I’m pleased to see her taking her place among the clan’s best engravers, as her father had intended. But if we could please move on to current business?” Broca shifted in her seat irritably. “Ye cannae begrudge us a little celebration.” Evangeline skewered her with an arch stare. “I seem to recall you lot ‘celebrating’ with them via the crystal ball. The Book has strict rules about using magical devices to spy on intimate moments, which you well know.” She swept her gaze around the table, and three of the four godmothers refused to meet her eyes, pretending great interest in the ceiling, the tea, or in Grisel’s case, the contents of one ear. Seonag was the only one who smiled and chewed on her pipe as she nodded encouragingly. “Well, let us move along.” Evangeline pushed her tea away and pulled a pad of paper a little closer. With a pencil, she checked off the first few lines. “We have been called to order, the tea has been served, clearly we’ve discussed old business, and now we are moving on to…current assignments. Willa, perhaps you could update us?” The young woman cleared her throat twice, then placed her cup and saucer carefully on the table, which was good, because her hand was shaking hard enough to spill a bit of tea over the rim onto the lace cloth. Evangeline stifled her sigh, not wanting to frighten Willa more than necessary. “Um…aye.

Well…” Willa cleared her throat yet again, locked her gaze on the tablecloth, and at last spoke, though the words tumbled over one another, pauses for punctuation non-existent, in their haste to remove themselves from her mouth. “We all ken Roland and Vanessa are meant for one another but she ruined our plans when he heard what she said about his brother she’s no’ a bad person but it’ll be an uphill battle to prove that to him I think.” Evangeline hummed. “Yes, I agree. Roland’s idea has merit. In his hopes of teaching her a lesson, he’ll learn one as well of course. Have you decided on what shape the story will take?” Willa peeked up, her gaze darting around to all of them before flashing once to Evangeline. “Number forty-seven, I thought.” Humming, Evangeline pulled The Book from its place of honor in the middle of the table and began to flip through the pages. “Number seventeen, twenty-nine— Oh, here’s the one with the apple you’ve been wanting to try, Broca—thirty-eight, forty-three—goats? Why are there goats in— Oh! Here it is.” She ran her finger down the page, reading the particulars, and her lips curled upward. “The frog, eh? Oh, this is good. This will be perfect, Willa! Excellent choice!” The younger woman flushed at the praise and ducked her chin even further. “Habben f’r none aftin?” Seonag removed the stem of the pipe from her teeth and pointed it at the book. “Nabs it can bongle!” Evangeline blinked, then surreptitiously glanced around the table to see if anyone else may have understood the old woman.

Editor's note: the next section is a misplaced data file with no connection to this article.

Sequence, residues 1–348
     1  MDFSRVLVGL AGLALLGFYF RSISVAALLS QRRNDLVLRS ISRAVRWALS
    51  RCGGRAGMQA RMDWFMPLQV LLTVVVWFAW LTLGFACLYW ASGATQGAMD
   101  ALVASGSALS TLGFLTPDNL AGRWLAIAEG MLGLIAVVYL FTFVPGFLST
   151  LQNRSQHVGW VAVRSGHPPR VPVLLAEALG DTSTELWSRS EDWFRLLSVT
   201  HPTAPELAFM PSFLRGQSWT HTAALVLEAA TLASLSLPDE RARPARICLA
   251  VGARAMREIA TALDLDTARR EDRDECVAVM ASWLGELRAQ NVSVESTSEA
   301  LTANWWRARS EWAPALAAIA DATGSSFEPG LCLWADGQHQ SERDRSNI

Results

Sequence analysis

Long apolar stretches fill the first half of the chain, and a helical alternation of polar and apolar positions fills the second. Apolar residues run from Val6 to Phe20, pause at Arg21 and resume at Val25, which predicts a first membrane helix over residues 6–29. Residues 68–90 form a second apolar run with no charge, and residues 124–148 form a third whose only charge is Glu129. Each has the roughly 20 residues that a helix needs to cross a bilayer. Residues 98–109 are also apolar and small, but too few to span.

Broca and Grisel just shrugged helplessly, and all that showed of Willa’s face were her flaming cheeks as she studied the tablecloth. Hoping Seonag had been agreeing with her and refusing to admit she wasn’t completely in control of the meeting, Evangeline nodded firmly. “So we’re settled then. Number forty-seven will be a delightful way to frame this particular story.” She turned back to Willa. “When it comes to narrative causality, this one is a little trickier since the story could go in all sorts of directions. It isn’t as well-known, you see.” “Aye,” spoke up Grisel, “but that just means there’s plenty of chances to improvise as ye go!” “Or for things to go wrong,” grumbled Broca. “Things will not go wrong,” insisted Evangeline. “We are godmothers, and no matter how it happens, our Happily Ever Afters are guaranteed.” “Aye, but I just dinnae want to have to be involved personally!” Evangeline blinked at Broca’s complaint. “Whatever do ye mean?” “Like last time. Can ye believe Max just—just showed up here? Grisel actually brought him to a meeting!” “What else could I do?” Grisel shrugged happily as she reached for a biscuit. “The lad asked to visit. He comes from Everland, ye remember, so he must ken of the godmothers there.